Tracey, an American-born middle distance runner, who also represented Great Britain, recently received her official status as a Jamaican athlete. Tracey, who spent a part of her early childhood in the parish of Manchester, will join newly crowned national champion Chrisann Gordon Powell and eight-time national champion Natoya Goule in the 800m.

    Meanwhile, Fraser-Pryce, Thompson-Herah, Jackson and Kemba Nelson, will contest the 100m with Briana Williams listed as an alternate. Fraser-Pryce, Jackson and Thompson-Herah will take on the 200m with Natalliah Whyte named as the alternate.

    Seville, Blake and Ackeem Blake will run in the 100m. Jelani Walker is listed as the alternate. However, Andrew Hudson, who won the 200m at Jamaica’s national championships last weekend misses out as he remains ineligible to compete for Jamaica until July 28, four days after the championships end in Eugene, Oregon.

    In his stead, Akeem Bloomfield will compete in the 200m alongside Rasheed Dwyer and Yohan Blake.

    Candice McLeod, Stephenie-Ann McPherson and Charokee Young will compete in the 400m with Stacey-Ann Williams named as the alternate. Jevaughn Powell, Nathon Allen and Christopher Taylor will take on the men’s event.

    Demisha Roswell, the fastest Jamaican woman over 100m hurdles this year, is named as an alternate to national champion Britany Anderson, Megan Tapper and Danielle Williams. Damion Thomas is the alternate in the 110m hurdles that will be represented by Olympic champion Hansle Parchment, Rasheed Broadbell and Orlando Bennett.

    There is also good news for Andrenette Knight, the fastest Jamaican woman over the 400m hurdles this year. Knight, who has run 53.39 this season, is the alternate in the event that Janieve Russell, Shian Salmon and Rushell Clayton will compete in at the championships.

    For the first time ever, Jamaica will have two female high jumpers at a world championship as NCAA champion Lamara Distin and Kimberly Williamson, were both selected.

    Chanice Porter has been selected for the long jump while defending champion Tajay Gayle has been selected along with NCAA champion Wayne Pinnock. Gayle injured his knee at the national championships and is in a race against time to prove his fitness.

    Shanieka Ricketts, Kimberly Williams and Ackelia Smith will represent Jamaica in the triple jump while Jordan Scott will compete in the men’s event.

    Danielle Thomas-Dodd and Lloydricia Cameron will contest the shot put for women. Samantha Hall competes in the discus while national champion Traves Smikle, world championship silver medallist Fedrick Dacres, and Chad Wright are set to compete among the men.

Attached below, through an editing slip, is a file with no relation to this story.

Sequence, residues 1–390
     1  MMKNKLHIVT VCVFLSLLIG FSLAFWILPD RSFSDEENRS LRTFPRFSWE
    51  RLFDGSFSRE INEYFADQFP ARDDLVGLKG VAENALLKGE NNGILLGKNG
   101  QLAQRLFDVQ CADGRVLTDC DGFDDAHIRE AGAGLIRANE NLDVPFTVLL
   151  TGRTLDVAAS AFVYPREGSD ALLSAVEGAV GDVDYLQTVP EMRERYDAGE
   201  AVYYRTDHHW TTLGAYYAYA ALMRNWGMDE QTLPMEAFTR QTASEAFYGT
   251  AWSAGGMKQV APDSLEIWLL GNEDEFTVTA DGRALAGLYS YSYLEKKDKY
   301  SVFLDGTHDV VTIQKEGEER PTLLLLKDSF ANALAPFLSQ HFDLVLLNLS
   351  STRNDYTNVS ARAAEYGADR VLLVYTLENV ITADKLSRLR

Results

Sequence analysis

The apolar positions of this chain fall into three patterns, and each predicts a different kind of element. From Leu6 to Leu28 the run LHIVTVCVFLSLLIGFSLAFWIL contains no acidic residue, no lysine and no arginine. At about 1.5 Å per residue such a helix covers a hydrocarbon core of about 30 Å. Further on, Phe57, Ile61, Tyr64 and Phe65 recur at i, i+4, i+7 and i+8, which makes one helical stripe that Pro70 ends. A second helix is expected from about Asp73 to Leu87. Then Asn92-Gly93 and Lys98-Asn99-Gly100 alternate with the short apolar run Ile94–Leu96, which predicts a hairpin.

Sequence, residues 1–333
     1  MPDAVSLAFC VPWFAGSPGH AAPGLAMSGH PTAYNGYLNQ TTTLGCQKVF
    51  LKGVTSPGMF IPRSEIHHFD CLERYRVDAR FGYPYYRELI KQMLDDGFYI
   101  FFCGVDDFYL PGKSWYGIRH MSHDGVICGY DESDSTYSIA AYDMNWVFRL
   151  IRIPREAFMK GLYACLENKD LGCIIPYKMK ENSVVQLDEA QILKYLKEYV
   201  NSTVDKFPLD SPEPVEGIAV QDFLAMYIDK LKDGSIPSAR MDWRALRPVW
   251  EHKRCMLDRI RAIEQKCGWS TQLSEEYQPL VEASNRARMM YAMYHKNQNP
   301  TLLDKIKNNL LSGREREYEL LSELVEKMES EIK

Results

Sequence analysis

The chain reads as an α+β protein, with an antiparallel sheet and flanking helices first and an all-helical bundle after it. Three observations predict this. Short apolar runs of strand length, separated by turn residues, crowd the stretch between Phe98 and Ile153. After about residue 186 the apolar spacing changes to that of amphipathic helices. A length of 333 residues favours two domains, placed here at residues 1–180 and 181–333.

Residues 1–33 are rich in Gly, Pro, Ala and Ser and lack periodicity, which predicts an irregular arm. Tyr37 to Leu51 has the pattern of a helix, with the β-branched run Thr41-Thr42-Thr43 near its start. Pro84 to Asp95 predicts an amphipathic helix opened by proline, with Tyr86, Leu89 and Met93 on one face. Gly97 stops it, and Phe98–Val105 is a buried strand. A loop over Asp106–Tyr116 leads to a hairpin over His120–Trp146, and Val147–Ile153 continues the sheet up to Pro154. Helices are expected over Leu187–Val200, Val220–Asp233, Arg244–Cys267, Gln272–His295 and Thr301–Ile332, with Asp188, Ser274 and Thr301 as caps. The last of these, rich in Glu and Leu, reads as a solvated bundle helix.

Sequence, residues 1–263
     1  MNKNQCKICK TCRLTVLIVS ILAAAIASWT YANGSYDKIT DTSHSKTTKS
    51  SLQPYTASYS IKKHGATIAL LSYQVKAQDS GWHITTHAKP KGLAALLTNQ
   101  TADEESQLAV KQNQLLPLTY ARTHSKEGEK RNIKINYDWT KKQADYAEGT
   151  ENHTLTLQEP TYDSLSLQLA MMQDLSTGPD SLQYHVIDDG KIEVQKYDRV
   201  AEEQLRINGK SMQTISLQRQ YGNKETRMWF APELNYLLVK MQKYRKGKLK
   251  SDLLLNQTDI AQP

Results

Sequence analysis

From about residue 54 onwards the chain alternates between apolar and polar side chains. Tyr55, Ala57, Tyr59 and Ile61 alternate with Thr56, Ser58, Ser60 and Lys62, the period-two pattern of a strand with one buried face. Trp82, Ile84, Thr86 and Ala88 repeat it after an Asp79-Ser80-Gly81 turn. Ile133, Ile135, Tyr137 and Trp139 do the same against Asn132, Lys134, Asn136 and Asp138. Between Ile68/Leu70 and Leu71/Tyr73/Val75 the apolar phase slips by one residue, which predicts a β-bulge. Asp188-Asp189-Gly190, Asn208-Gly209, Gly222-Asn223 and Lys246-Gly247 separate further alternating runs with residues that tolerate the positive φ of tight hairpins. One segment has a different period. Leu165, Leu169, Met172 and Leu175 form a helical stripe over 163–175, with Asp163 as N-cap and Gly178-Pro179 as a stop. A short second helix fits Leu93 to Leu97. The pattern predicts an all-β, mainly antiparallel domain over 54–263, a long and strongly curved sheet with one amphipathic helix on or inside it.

Jamaica will field strong 4x100m relay squads at the championships as Fraser-Pryce, Thompson-Herah, Jackon and Nelson will form the core of the team along with Olympic gold medallist Williams and Remona Burchell.

    The men’s squad is comprised of Blake, Blake, Seville, Jelani Walker, Kemar Bailey-Cole and Conroy Jones.

    The 4x400m squads will be comprised of McLeod, Young, McPherson, Williams, Roneisha McGregor and Natalliah Whyte while the men’s squad will include Powell, Allen, Taylor, Karayme Bartley, Javon Francis and Anthony Cox.

    Junelle Bromfield, Tiffany James, Akeem Bloomfield and St Jago High School runner Gregory Prince will form the mixed relay team.

    Sprintec head coach Maurice Wilson has been appointed technical director of the contingent and he will have Paul Francis, Bertland Cameron, Lennox Graham, Julian Robinson, Marlon Gayle, Reynaldo Walcott, Lamar Richards and Gregory Little as his team of coaches.

     

     

     

  • American-born 200m national champ Hudson left out of World championships team alter failing to get approval in time American-born 200m national champ Hudson left out of World championships team alter failing to get approval in time

    American-born Andrew Hudson will not be able to represent Jamaica at the upcoming World Championships in Eugene, Oregon, despite winning the 200m event at the Jamaica National Championships.

    Hudson stunned onlookers at the country’s national trials after finishing ahead of pre-race favourite and 2011 World Champion Yohan Blake, with Nigel Ellis finishing in third place.

    Hudson was one of three athletes who applied to the Jamaica Athletic Administrative Association to switch allegiance and were approved to compete at the championships.  The JAAA was optimistic regarding the athlete being given clearance to represent the country before the World Championships in Oregon. 

    According to a release, however, the athletes will not receive clearance in time for the games.  Hudson will as a result not be eligible to compete for Jamaica until July 28th and has been replaced by fourth-place finisher Akeem Bloomfield in the 200m.  The JAAA also released the rest of the squad.

© 2022 SportsMaxTV All Rights Reserved.